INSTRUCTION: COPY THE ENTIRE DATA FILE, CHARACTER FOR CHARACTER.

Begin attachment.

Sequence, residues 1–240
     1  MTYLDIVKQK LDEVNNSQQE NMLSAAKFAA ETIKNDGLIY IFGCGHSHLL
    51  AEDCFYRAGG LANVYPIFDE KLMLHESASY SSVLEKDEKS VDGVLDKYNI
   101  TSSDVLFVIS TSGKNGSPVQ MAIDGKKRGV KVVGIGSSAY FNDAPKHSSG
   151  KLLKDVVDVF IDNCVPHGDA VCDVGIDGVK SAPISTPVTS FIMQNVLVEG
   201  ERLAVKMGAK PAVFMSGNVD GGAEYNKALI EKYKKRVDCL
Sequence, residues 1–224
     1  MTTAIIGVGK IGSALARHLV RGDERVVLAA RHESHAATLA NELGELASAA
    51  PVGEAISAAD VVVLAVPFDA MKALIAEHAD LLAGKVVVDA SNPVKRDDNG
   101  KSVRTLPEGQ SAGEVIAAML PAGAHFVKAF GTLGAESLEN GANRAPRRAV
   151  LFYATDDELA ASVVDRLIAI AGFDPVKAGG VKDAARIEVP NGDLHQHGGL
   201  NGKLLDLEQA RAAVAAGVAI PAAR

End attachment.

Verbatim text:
Sequence, residues 1–240
     1  MTYLDIVKQK LDEVNNSQQE NMLSAAKFAA ETIKNDGLIY IFGCGHSHLL
    51  AEDCFYRAGG LANVYPIFDE KLMLHESASY SSVLEKDEKS VDGVLDKYNI
   101  TSSDVLFVIS TSGKNGSPVQ MAIDGKKRGV KVVGIGSSAY FNDAPKHSSG
   151  KLLKDVVDVF IDNCVPHGDA VCDVGIDGVK SAPISTPVTS FIMQNVLVEG
   201  ERLAVKMGAK PAVFMSGNVD GGAEYNKALI EKYKKRVDCL
Sequence, residues 1–224
     1  MTTAIIGVGK IGSALARHLV RGDERVVLAA RHESHAATLA NELGELASAA
    51  PVGEAISAAD VVVLAVPFDA MKALIAEHAD LLAGKVVVDA SNPVKRDDNG
   101  KSVRTLPEGQ SAGEVIAAML PAGAHFVKAF GTLGAESLEN GANRAPRRAV
   151  LFYATDDELA ASVVDRLIAI AGFDPVKAGG VKDAARIEVP NGDLHQHGGL
   201  NGKLLDLEQA RAAVAAGVAI PAAR